"Mittens" features an adorable bobsled-inspired pair and a second pair with cable details. "Socks" contains two pair, including these lovely ones by Janel Laidman.

Spring Fever Socks (Janel Laidman)

"Garments and Wraps" takes the technique to a grander scale, including a colorwork vest

Djinn (Samantha Roshak)

shawls/wraps, and a poncho.  "Bags and Cozies" features a felted bag, a cabled notebook cover and a backpack-style bag.  Last chapter is "Comfy Things," a pillow cover with variations and Pippa the pig.

Pippa (Deb Barnhill)

For my statisticians, you'll find the following patterns:
  • 5 hats
  • 4 scarves/cowls (including wristlets for one pattern)
  • 2 pairs of mittens
  • 2 pairs of socks
  • a colorwork vest
  • a shrug
  • 2 shawls
  • a poncho
  • 3 bags (one is a laptop cover)
  • 1 pillow cover pattern; and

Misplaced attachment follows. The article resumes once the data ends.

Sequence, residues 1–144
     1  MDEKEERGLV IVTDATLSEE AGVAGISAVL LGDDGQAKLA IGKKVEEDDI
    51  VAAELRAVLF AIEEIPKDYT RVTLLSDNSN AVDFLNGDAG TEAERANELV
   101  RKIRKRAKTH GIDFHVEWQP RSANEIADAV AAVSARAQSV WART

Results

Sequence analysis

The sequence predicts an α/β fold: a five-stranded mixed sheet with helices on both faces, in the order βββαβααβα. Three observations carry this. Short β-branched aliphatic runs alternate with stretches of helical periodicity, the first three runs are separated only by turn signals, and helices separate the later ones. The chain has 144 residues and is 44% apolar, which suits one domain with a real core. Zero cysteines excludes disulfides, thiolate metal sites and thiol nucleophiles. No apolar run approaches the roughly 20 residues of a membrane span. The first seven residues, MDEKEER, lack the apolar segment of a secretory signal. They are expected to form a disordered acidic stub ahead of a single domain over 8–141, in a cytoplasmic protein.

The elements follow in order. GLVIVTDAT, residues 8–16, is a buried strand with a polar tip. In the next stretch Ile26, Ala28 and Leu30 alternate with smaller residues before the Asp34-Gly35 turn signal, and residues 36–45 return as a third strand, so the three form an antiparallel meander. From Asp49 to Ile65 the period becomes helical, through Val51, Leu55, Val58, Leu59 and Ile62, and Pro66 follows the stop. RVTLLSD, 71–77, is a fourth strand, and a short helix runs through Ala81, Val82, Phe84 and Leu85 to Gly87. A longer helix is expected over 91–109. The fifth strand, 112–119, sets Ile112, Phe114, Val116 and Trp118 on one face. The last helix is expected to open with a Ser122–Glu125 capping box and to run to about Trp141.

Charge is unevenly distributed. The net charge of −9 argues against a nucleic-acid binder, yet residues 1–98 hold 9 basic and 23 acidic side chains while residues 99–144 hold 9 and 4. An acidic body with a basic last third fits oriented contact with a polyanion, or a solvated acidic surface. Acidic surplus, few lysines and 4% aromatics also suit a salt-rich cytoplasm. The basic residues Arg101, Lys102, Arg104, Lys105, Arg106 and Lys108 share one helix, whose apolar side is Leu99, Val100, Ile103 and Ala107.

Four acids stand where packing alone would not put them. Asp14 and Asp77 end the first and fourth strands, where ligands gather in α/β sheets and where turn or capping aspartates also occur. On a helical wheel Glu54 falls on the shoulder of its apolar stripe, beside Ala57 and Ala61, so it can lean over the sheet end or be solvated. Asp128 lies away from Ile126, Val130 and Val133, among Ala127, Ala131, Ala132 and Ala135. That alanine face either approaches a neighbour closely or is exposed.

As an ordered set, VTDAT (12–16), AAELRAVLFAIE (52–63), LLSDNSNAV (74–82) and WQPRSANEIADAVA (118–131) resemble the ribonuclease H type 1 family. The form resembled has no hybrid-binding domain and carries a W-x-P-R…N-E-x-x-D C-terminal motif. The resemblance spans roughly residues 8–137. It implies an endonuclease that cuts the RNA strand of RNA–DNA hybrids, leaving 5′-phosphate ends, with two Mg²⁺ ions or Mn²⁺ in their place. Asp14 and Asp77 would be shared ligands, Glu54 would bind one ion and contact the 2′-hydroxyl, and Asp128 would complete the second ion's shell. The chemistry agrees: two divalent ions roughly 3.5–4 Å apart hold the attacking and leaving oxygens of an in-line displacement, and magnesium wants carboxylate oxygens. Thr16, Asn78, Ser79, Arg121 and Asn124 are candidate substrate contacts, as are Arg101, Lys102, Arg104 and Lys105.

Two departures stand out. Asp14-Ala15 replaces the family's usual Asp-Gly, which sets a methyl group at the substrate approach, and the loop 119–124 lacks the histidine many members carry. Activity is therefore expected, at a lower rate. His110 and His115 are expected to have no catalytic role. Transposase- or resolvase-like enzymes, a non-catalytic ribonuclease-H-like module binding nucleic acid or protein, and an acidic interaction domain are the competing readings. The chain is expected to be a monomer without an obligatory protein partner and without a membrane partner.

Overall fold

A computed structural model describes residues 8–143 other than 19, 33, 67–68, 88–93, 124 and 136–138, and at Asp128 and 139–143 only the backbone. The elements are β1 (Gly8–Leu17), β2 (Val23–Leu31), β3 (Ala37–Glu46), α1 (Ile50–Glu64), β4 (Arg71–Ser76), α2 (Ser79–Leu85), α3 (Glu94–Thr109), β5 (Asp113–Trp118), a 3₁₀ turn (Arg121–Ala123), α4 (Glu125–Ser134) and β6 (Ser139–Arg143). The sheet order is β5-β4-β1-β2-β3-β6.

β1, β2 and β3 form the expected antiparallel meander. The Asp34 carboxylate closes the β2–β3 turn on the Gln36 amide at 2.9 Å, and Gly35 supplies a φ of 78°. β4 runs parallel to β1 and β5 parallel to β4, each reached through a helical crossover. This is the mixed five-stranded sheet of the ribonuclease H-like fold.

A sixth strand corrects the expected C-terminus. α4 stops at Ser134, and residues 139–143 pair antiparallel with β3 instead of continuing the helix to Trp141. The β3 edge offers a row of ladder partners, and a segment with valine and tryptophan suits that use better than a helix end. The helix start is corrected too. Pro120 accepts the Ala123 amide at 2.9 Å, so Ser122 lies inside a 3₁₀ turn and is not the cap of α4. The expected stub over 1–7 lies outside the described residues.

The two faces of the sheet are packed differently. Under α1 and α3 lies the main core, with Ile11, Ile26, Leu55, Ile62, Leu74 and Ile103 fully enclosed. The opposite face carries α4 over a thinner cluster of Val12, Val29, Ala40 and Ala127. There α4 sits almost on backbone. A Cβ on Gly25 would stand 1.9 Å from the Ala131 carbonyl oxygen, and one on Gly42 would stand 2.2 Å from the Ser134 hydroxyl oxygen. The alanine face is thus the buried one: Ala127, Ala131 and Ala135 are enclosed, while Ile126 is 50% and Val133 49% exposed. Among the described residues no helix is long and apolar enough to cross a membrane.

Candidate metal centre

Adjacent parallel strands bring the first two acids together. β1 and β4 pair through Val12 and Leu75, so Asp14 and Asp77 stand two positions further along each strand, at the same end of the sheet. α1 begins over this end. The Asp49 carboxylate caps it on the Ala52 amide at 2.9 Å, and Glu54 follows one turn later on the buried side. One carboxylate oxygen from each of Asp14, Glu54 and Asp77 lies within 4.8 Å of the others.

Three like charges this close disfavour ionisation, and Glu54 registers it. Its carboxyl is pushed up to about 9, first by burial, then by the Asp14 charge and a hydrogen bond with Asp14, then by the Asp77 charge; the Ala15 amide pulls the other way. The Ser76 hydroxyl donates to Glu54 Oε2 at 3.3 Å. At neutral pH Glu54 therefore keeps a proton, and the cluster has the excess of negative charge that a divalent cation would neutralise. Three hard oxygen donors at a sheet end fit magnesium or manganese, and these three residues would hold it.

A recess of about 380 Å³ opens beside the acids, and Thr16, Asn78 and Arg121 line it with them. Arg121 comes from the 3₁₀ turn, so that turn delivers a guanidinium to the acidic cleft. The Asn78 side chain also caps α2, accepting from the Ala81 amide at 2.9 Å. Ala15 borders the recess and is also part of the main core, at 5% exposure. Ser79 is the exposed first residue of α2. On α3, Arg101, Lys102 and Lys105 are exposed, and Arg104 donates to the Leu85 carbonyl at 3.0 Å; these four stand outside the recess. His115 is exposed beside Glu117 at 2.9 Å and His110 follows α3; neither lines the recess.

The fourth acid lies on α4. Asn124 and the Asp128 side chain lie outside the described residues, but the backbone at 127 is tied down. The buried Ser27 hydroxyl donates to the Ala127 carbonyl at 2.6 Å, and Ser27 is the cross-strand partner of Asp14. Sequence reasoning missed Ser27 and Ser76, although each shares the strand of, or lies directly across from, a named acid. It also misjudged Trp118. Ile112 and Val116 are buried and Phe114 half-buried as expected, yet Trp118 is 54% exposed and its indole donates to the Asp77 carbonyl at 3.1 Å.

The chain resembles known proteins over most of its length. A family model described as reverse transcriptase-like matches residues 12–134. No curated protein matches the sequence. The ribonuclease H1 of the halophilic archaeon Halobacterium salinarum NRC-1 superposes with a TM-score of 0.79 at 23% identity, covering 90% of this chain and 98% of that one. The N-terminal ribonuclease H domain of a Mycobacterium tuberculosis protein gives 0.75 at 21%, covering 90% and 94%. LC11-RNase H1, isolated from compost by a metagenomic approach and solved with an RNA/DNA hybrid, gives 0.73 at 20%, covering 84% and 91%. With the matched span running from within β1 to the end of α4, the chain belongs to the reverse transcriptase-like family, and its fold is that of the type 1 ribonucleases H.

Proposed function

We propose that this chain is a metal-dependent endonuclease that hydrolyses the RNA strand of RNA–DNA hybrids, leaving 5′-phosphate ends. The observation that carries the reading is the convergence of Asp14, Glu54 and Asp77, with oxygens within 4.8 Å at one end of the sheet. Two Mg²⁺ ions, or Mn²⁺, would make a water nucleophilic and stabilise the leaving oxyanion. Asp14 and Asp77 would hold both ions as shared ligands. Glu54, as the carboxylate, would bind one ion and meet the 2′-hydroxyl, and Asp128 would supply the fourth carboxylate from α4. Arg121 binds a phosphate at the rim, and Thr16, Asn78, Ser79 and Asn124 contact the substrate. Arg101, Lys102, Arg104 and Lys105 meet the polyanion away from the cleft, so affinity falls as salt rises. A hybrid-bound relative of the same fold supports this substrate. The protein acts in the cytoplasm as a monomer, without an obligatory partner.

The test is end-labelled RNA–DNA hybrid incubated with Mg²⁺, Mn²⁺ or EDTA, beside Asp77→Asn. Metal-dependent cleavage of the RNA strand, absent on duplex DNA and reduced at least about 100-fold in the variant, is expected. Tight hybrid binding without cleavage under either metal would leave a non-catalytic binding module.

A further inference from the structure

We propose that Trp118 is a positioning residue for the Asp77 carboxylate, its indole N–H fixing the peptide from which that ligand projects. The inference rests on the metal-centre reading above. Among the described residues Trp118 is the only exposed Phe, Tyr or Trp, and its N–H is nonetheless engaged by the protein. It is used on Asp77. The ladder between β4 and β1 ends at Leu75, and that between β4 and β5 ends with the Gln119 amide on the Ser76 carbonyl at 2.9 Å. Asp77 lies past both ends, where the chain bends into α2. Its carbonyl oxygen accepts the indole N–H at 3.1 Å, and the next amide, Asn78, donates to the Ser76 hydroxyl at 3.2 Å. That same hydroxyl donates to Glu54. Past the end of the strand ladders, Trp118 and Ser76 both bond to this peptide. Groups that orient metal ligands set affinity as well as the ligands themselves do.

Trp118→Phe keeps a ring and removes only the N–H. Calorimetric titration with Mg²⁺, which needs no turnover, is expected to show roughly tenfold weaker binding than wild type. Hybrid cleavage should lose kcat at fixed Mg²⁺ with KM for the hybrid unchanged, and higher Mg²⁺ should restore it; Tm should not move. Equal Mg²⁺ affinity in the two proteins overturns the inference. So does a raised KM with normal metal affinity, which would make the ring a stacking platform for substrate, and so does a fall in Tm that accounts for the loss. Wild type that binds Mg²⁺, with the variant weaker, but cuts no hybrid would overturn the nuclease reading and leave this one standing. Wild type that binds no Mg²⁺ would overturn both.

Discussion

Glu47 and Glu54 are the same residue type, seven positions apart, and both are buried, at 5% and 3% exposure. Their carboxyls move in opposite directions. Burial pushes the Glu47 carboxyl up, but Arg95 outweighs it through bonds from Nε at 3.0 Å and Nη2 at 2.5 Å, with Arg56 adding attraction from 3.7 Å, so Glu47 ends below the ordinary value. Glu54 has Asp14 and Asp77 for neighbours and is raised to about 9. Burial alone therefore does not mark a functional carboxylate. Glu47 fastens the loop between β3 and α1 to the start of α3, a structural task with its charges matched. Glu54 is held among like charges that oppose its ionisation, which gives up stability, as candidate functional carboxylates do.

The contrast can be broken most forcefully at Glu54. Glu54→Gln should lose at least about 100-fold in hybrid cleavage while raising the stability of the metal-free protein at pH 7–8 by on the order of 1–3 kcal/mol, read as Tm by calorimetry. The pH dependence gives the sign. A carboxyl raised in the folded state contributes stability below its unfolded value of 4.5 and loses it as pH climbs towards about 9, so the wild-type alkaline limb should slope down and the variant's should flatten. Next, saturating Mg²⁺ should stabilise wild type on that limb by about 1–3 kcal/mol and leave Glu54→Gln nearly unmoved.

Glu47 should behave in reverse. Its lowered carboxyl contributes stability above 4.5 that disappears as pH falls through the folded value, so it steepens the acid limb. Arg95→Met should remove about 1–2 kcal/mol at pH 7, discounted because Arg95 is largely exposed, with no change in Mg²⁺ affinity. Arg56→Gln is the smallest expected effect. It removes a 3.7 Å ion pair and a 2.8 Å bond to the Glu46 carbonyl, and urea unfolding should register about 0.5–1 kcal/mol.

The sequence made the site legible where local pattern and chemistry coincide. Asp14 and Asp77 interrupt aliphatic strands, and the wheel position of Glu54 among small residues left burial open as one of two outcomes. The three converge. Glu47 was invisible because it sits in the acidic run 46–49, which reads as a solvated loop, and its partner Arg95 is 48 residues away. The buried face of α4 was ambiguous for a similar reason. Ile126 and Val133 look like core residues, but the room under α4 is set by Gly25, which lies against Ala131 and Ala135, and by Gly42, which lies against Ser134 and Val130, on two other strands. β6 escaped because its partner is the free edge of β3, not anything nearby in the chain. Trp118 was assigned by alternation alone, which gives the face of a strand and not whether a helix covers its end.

• 1 stuffed toy pattern.

Mokosh (Cindy Abernethy)

Yarn weights are varied, from fingering weight to bulky. Sizing varies depending on the pattern. Hats, for example come in one to three sizes.  Scarves, bags and shawls are mostly one size, mittens come in 4 to 5 sizes (child through adult male), socks in one to three sizes (think women's sizes, rather than kids' or men's), and the vest comes in five sizes (finished chest circumference  29 through 46.5 inches).  Charts are used in most of the more complex stitch patterns, and you'll find schematics for the vest and shrug, as well as diagrams for the items with more unusual construction. Plenty of clear photographs (by Vivian Aubrey) taken against stunning natural backdrops add to the charm.